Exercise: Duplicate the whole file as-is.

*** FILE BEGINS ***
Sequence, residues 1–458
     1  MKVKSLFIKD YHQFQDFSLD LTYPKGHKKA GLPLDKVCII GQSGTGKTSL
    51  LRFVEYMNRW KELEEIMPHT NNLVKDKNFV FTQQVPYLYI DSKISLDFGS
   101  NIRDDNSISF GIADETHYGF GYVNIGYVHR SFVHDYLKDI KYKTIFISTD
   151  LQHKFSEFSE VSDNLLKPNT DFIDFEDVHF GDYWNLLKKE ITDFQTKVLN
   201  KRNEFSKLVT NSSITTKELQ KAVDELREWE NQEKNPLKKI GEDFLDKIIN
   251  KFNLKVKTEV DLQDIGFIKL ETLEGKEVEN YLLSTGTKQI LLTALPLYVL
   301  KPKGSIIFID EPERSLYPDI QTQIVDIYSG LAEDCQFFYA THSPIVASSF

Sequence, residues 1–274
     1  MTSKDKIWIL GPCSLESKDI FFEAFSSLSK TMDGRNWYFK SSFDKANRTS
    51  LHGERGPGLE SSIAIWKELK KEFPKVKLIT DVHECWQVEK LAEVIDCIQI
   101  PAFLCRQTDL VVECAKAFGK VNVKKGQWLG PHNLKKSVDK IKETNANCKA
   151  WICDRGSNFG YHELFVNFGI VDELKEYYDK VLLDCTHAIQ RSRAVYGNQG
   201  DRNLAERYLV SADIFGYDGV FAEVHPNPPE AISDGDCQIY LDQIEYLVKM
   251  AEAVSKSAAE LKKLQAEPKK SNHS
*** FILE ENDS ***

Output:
Sequence, residues 1–458
     1  MKVKSLFIKD YHQFQDFSLD LTYPKGHKKA GLPLDKVCII GQSGTGKTSL
    51  LRFVEYMNRW KELEEIMPHT NNLVKDKNFV FTQQVPYLYI DSKISLDFGS
   101  NIRDDNSISF GIADETHYGF GYVNIGYVHR SFVHDYLKDI KYKTIFISTD
   151  LQHKFSEFSE VSDNLLKPNT DFIDFEDVHF GDYWNLLKKE ITDFQTKVLN
   201  KRNEFSKLVT NSSITTKELQ KAVDELREWE NQEKNPLKKI GEDFLDKIIN
   251  KFNLKVKTEV DLQDIGFIKL ETLEGKEVEN YLLSTGTKQI LLTALPLYVL
   301  KPKGSIIFID EPERSLYPDI QTQIVDIYSG LAEDCQFFYA THSPIVASSF

Sequence, residues 1–274
     1  MTSKDKIWIL GPCSLESKDI FFEAFSSLSK TMDGRNWYFK SSFDKANRTS
    51  LHGERGPGLE SSIAIWKELK KEFPKVKLIT DVHECWQVEK LAEVIDCIQI
   101  PAFLCRQTDL VVECAKAFGK VNVKKGQWLG PHNLKKSVDK IKETNANCKA
   151  WICDRGSNFG YHELFVNFGI VDELKEYYDK VLLDCTHAIQ RSRAVYGNQG
   201  DRNLAERYLV SADIFGYDGV FAEVHPNPPE AISDGDCQIY LDQIEYLVKM
   251  AEAVSKSAAE LKKLQAEPKK SNHS